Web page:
“Horrible quarter” for Mena equities as oil price plummets

Desert oil pumps1A nightmarish final quarter for Middle Eastern equities almost wiped out the sum of the year’s gains, though some countries performed well despite the rout.

As the oil price plummeted – the benchmark US crude price is now less than $60 a barrel – investors sold shares in oil-producing countries, causing the Pan Arab Composite LargeMid index by S&P to fall nearly 19% in the quarter.

Saudi Arabia, the world’s largest oil exporter, was stung with a 25% fall in the value of its broad market index from S&P in just three months.

However, the year ended in positive territory for most indices. The S&P Egypt broad market index was up 29% over the year despite being affected, less severely than Saudi Arabia, by the sell-off in the final quarter. S&P’s indices for Qatar, Turkey and the UAE all returned more than 10% over the year.

“The markets of the oil-producing countries have endured a horrible final quarter, and December provided little respite,” says Tim Edwards, senior director, index investment strategy, S&P Dow Jones Indices. “However, and largely due to meteoric rises over the summer months, the record books shall none-the-less recall 2014 as a positive year for Middle Eastern equities.”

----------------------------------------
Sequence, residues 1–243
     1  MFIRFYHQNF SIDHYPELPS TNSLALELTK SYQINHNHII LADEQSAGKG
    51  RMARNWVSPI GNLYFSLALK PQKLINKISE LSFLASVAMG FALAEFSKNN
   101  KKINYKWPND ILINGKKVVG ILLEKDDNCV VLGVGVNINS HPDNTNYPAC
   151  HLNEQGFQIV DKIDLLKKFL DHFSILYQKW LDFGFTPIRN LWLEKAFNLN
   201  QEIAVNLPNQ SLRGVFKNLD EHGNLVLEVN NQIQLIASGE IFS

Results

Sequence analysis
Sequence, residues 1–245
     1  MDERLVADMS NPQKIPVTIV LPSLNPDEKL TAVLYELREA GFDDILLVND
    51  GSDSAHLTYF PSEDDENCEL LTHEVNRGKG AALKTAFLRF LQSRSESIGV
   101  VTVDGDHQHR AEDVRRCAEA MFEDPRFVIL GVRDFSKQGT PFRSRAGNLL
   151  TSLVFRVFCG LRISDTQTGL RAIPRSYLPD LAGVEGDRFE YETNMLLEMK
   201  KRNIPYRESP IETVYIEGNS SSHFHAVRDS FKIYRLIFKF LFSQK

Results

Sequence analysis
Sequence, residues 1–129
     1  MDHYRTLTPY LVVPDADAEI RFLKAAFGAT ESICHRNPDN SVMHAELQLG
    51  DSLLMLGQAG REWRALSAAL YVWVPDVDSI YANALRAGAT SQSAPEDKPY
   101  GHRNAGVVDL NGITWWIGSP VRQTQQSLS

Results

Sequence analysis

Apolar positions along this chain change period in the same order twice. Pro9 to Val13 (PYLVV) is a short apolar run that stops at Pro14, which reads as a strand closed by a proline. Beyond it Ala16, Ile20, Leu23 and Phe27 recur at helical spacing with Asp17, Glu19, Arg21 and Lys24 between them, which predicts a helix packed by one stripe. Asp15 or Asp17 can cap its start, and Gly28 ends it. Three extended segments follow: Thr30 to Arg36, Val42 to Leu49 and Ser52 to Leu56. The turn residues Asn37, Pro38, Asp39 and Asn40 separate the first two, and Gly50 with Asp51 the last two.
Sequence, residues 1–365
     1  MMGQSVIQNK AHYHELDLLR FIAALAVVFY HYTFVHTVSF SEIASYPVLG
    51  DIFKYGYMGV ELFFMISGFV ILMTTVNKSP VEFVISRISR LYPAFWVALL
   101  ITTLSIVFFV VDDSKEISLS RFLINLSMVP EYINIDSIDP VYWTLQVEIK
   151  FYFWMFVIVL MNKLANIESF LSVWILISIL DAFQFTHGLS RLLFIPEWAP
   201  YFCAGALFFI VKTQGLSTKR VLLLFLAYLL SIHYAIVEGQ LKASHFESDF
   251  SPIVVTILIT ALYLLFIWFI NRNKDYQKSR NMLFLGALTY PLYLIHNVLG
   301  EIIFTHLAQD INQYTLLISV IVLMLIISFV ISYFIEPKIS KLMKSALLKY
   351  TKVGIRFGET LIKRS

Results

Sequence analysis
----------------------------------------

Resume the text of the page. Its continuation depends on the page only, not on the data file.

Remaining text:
Governments in the oil-producing countries are currently questioning whether to cut back on the pace of development, or prepare to dig into their savings to offset their lower oil revenues.

According to its budget for 2015, Saudi Arabia is planning to run a budget deficit this year and will pay for the overspend out of its considerable foreign exchange reserves (the Saudi Arabian Monetary Agency had $736 billion under management at the end of November).

Other Gulf countries such as Oman and Bahrain, which lack large cash reserves, may have to make cuts or resort to borrowing if oil prices stay low.

©2015 funds global mena

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